Central to the experience of the film is its gentle and deliberate pace. This is a movie that encourages stillness in its audience. Every action and shot and word is deliberate. Much like life, it moves slowly. What little dialogue there is, is delivered with the hemming and hawing and qualification and digression that makes up normal speech. Many of the shots are long and not much appears to happen, but coupled with the orchestral soundtrack they direct the audience to enter meditatively into the story.

The soundtrack, with its stunning use of such music as Richard Strauss’ Thus Spake Zarathustra, alluding to something beyond humanity; and Johann Strauss’ Blue Danube, which emphasises the balletic nature of space flight; and György Ligeti’s foreboding Lux Aeterna, impresses on the mind the sense that something profound and inexplicable and “other” is being experienced.

Kubrick had had a conventional score composed, by Hollywood composer Alex North, but he ended up rejecting it in favour of the compositions he picked to guide the score, preferring the non-“Hollywood” effect it had. Moreover, Kubrick minimises the use of music when there is dialogue, thus juxtaposing the realism of life – which has no soundtrack – with the super-realism of seeing life from the outside.

This “realism” pervades the film, grounding the fantastical and otherworldly elements in something that is almost mundane. Kubrick’s depiction of space and space travel was remarkably realistic and scientifically accurate, garnering respect from NASA engineers, though errors and artistic licence remain. Nonetheless, Kubrick did apply his obsessive attention to detail to every aspect of the film, all the way to picking the fabric for the costumes.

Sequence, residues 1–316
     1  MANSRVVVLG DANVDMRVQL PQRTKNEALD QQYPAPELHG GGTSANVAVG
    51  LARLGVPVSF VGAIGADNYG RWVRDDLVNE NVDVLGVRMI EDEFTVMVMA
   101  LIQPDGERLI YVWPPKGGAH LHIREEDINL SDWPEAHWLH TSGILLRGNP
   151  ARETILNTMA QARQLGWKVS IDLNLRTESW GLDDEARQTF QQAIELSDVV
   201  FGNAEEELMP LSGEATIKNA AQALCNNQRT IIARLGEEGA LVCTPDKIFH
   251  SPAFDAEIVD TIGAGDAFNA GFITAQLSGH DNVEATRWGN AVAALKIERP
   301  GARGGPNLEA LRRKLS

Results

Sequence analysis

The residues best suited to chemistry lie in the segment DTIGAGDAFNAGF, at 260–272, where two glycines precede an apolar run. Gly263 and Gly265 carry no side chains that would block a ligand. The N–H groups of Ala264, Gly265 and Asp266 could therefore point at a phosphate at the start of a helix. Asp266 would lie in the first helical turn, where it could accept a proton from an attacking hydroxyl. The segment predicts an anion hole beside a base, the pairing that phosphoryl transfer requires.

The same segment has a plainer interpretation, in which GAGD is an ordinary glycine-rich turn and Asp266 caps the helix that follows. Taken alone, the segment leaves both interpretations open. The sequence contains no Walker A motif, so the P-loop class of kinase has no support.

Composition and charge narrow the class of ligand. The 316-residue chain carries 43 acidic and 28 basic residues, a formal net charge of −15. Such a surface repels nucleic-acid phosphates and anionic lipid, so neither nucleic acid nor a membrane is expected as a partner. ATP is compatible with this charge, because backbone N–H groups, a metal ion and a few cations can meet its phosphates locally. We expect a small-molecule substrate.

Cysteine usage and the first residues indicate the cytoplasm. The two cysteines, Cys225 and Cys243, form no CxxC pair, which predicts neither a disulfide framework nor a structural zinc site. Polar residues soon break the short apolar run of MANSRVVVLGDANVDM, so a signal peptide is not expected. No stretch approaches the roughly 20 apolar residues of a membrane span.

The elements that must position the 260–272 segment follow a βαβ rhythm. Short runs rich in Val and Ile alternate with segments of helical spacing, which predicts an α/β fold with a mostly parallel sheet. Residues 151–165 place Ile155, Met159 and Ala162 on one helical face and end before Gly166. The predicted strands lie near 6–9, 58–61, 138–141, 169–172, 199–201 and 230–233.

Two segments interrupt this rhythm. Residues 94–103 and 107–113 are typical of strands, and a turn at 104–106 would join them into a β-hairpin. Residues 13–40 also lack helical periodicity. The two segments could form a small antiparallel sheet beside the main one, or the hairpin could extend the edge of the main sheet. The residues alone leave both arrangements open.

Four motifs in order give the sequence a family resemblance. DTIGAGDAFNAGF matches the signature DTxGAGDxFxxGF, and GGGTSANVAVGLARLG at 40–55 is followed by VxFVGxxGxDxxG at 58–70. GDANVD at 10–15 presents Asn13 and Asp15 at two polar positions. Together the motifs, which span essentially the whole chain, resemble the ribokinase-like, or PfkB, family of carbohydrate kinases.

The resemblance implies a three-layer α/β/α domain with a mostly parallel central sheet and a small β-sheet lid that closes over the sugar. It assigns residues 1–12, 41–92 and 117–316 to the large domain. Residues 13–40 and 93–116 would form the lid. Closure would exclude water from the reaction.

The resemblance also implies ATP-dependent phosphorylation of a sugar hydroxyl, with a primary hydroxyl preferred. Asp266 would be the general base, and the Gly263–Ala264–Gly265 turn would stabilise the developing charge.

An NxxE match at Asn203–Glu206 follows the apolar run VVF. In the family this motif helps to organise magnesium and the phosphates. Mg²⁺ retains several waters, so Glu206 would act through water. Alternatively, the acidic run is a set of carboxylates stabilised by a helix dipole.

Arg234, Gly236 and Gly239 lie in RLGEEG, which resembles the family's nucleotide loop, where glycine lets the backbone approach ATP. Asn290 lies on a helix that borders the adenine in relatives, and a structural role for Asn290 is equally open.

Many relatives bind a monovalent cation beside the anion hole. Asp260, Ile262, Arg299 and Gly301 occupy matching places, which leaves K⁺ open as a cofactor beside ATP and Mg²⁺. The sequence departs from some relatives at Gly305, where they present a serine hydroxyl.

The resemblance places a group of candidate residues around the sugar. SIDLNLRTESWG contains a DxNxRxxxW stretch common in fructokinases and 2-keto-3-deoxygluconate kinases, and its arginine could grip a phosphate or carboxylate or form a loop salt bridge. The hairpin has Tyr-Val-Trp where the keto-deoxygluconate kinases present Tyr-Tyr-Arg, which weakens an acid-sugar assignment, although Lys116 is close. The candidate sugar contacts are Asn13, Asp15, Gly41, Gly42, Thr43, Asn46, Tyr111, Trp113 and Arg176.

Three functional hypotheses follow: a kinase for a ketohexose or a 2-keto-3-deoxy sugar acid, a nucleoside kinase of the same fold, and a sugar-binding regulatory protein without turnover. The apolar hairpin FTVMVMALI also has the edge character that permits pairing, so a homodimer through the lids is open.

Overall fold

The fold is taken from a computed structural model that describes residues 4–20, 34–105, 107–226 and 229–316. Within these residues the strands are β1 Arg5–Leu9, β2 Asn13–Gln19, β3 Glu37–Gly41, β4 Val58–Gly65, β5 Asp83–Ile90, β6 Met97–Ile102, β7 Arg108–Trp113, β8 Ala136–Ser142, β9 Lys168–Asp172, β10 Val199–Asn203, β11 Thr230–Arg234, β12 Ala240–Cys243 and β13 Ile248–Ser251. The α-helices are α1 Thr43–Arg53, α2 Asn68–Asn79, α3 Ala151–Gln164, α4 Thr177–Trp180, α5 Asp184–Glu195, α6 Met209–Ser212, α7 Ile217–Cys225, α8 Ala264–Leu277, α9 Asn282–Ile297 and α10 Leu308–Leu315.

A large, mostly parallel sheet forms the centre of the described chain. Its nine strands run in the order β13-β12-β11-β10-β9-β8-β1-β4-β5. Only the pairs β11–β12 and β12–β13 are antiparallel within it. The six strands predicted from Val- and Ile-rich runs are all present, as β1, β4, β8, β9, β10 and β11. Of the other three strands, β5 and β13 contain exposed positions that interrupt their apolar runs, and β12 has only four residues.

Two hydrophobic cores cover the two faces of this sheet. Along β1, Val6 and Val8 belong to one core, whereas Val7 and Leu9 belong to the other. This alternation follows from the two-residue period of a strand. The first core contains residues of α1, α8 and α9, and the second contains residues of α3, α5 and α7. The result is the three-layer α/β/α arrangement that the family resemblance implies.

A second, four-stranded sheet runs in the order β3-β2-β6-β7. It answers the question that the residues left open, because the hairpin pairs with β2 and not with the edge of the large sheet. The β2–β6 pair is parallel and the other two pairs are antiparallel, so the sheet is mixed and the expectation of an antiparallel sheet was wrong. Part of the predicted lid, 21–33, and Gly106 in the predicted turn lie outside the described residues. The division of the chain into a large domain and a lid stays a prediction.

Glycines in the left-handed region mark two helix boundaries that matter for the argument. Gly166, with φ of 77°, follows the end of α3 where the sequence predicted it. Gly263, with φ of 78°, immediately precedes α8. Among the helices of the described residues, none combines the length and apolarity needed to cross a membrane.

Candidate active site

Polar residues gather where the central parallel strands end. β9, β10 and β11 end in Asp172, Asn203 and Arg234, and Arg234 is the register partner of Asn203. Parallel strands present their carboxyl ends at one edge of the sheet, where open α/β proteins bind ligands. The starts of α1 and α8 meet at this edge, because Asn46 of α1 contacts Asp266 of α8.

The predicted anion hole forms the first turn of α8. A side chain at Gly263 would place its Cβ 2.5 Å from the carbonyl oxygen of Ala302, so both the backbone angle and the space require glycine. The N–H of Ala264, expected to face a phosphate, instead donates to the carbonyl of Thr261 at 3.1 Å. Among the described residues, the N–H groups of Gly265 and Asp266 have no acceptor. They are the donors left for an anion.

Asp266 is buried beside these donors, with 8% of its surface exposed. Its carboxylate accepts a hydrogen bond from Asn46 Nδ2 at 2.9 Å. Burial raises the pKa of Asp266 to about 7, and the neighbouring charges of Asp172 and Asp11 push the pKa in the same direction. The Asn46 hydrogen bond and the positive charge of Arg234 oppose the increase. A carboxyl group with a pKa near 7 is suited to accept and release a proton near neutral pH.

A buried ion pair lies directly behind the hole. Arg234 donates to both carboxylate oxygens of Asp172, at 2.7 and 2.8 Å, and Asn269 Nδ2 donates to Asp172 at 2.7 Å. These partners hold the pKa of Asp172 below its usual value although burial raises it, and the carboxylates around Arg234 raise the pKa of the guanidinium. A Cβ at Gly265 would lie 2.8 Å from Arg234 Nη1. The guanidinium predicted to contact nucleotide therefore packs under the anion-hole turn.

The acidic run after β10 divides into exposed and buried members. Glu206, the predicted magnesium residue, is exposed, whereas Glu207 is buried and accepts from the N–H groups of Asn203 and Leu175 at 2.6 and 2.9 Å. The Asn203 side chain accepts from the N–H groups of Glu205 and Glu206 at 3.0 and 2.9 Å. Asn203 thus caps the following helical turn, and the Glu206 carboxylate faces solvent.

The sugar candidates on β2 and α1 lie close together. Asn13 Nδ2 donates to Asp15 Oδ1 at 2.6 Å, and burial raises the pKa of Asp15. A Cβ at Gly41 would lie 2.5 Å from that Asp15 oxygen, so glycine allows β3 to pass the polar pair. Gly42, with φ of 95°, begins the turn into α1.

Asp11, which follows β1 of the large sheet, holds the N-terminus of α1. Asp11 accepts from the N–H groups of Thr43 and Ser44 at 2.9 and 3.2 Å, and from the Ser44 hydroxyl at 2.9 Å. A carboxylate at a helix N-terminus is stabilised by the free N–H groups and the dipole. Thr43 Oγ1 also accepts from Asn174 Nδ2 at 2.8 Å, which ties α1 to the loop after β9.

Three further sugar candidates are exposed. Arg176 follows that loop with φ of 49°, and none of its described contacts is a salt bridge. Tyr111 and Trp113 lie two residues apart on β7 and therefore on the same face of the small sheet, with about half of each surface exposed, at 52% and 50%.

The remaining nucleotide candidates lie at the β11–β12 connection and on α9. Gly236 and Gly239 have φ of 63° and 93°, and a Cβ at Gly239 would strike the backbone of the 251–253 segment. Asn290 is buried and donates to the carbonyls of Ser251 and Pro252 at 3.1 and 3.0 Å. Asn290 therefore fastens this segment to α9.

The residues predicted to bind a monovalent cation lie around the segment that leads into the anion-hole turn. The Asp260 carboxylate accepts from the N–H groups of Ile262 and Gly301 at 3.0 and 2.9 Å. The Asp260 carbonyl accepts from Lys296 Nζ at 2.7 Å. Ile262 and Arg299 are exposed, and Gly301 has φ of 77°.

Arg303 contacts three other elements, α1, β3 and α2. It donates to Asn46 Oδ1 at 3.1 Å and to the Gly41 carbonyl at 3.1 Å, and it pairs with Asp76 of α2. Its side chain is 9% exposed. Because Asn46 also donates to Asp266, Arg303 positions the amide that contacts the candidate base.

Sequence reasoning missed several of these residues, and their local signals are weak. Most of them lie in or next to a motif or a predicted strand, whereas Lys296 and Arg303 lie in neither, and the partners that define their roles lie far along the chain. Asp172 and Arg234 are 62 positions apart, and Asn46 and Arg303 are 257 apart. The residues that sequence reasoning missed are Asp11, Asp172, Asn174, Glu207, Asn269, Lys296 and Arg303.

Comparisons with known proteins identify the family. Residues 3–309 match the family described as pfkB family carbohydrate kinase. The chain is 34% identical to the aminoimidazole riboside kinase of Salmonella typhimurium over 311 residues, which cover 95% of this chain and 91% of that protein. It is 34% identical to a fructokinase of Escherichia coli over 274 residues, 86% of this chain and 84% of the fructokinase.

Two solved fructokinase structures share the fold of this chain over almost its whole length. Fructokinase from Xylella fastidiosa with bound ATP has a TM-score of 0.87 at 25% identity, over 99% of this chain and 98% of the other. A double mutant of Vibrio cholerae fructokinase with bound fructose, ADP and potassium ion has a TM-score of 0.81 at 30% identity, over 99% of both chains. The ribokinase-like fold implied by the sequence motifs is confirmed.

The point of this attention to detail and attention to ordinariness is to give the audience a way into the film. Without it, it would have remained a series of impressive visuals with an affecting soundtrack, something that while still being an experience would have potentially been an alienating rather than an immersive one.

And Kubrick wanted the audience to be immersed in the picture. Speculative fiction, roughly speaking, is about “what if?” scenarios. It seeks to examine the impact that particular technologies or events would have on human beings, in particular on their sense of self.

Kubrick wanted to give the audience an experience of how enormous space is and the relative smallness of humanity. He called it A Space Odyssey to link it with Homer’s Odyssey and the notion that to the Ancients, the ocean was as enormous and unforgiving and inexplicable as space is for moderns. He drew on this anxiety, and human anxiety about technology – most notably in the “character” of HAL-9000 (voiced by Douglas Rain) – and the replaceability of man, to craft an unnerving picture that brings this anxiety to the fore.

Kubrick wanted the audience to have a visceral, non-intellectual experience. This experience is the point of the film, not its rationalisation or explication. Much like gazing at the night sky, where talking about it is no substitute for seeing it, 2001 must be seen to be believed.

Symeon J. Thompson is a member of the Film Critics’ Circle of Australia (FCCA).